GAO’s report alleged that DCAA had reached an upfront agreement with a large contractor, later revealed to be Boeing Co., to limit the scope of its work and the basis for its audit opinion on a 2002 estimating system. At the same time, DCAA was participating in an IPT that was reviewing the estimating system. GAO found that the final audit opinion had been heavily influenced by the contractor and by an agency manager.

In a detailed, 19-page response to the GAO report, released this week by the nonprofit watchdog group the Project on Government Oversight, DCAA Regional Director Christopher Andrezze said he disagreed with the finding, arguing that DCAA’s independence “was not compromised” through its participation in the IPT.

But in her memo, Stephenson said the agency would err on the side of caution, noting that it is in the “process of issuing guidance on independent audit services that may be provided by DCAA during an IPT.”

This memo was one of three distributed by Stephenson in as many days last week.

In the first, issued on Aug. 6, Stephenson announced that August, already almost one week old, had been designated as audit quality month.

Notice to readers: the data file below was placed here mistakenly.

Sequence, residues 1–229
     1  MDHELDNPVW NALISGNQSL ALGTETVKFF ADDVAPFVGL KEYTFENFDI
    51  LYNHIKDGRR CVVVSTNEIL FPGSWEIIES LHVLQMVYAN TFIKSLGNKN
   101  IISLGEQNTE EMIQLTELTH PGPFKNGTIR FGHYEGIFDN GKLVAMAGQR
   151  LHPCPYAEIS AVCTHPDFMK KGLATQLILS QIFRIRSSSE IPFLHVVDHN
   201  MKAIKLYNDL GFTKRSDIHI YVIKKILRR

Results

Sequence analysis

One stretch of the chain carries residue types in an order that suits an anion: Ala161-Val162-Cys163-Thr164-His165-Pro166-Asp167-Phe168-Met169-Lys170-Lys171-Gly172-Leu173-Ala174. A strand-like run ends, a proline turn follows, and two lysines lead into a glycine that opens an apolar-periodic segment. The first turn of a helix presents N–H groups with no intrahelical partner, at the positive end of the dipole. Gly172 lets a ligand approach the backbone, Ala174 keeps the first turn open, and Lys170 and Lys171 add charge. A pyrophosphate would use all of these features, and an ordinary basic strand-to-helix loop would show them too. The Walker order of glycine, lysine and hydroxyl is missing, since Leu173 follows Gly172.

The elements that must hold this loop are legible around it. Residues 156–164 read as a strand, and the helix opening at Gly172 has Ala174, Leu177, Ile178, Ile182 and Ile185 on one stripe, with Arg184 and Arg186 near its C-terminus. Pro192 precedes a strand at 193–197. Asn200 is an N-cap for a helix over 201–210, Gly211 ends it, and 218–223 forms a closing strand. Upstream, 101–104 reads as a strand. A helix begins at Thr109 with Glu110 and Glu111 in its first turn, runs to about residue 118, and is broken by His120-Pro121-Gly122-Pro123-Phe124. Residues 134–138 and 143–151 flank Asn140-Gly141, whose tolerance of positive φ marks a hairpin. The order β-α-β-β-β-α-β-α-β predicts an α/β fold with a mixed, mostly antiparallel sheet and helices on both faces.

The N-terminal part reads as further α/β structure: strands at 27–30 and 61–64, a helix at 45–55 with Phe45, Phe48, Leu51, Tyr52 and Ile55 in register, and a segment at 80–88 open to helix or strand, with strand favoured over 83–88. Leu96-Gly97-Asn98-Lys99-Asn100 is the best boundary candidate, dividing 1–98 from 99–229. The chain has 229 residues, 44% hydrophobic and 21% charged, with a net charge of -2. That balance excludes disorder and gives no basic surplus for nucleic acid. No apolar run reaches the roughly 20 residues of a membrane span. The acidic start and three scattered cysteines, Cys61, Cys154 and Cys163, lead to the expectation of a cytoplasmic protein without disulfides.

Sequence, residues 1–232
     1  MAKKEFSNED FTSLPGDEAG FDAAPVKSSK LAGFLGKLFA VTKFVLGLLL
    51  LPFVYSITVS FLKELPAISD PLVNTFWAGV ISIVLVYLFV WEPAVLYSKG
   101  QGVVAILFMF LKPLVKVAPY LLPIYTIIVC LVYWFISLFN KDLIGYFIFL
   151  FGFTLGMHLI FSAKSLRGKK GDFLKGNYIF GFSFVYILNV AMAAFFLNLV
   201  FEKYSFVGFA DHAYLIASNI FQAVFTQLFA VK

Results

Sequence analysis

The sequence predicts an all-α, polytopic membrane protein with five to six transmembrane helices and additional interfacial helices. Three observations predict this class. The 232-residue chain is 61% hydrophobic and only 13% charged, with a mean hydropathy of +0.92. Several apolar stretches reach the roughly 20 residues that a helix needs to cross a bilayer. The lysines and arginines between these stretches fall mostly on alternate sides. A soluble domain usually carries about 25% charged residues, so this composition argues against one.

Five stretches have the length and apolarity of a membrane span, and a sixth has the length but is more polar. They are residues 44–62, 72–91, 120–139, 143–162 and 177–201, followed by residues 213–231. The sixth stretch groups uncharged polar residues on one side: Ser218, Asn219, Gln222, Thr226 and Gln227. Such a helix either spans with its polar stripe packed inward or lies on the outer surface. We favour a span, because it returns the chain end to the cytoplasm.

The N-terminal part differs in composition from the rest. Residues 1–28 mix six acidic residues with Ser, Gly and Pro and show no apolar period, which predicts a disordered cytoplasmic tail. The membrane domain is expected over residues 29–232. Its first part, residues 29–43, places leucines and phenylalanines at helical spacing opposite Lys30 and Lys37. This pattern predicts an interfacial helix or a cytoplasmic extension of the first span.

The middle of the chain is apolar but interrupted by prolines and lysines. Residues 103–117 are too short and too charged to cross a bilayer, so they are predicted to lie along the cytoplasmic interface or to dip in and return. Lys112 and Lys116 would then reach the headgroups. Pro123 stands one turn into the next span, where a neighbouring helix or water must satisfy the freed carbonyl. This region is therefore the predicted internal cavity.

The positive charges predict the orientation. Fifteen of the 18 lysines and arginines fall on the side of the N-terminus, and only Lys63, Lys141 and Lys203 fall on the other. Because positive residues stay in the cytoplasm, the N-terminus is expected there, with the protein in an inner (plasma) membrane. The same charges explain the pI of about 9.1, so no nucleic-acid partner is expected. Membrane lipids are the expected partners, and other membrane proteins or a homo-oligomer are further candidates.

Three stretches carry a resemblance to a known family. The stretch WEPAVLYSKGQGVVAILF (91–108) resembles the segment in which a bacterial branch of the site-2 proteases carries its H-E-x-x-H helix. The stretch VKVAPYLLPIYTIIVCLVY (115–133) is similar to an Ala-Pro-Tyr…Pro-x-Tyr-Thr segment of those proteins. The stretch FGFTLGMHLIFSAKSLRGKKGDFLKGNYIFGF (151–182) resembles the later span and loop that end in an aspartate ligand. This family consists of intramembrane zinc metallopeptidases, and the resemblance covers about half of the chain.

“To recognize this initiative, we request that each office hold a stand down-day this month in which audit quality is discussed as a group,” the memo stated. “The regional director or deputy regional director will participate in these conferences to further emphasize expectations and answer questions or concerns on audit quality.”

The memo included a more general warning that audit quality should not “suffer or be jeopardized by external factors or internal factors (e.g., agency metrics).”

A third memo, sent on Aug. 8, touched on how DCAA employees should handle follow-up investigations of DCAA’s operations. Such reviews are currently being conducted by the Defense Department Inspector General, GAO and the Defense Business Board, an independent panel of corporate executives. DCAA also is conducting its own internal investigation.

“It is imperative that all employees cooperate fully with the reviewers,” Stephenson wrote. “Employees at all levels in the organization should feel free to have open and candid discussion with the evaluators.”

The GAO report alleged that auditors who complied with its investigation were subject to harassment and intimidation from their supervisors.

The Stephenson memos represent somewhat of an about-face for the agency, which initially downplayed GAO’s July 23 report. In their official response to the report, DCAA officials said they disagreed with “totality” of the watchdog agency’s findings and argued that DCAA’s field offices were “operating at a satisfactory level of compliance.”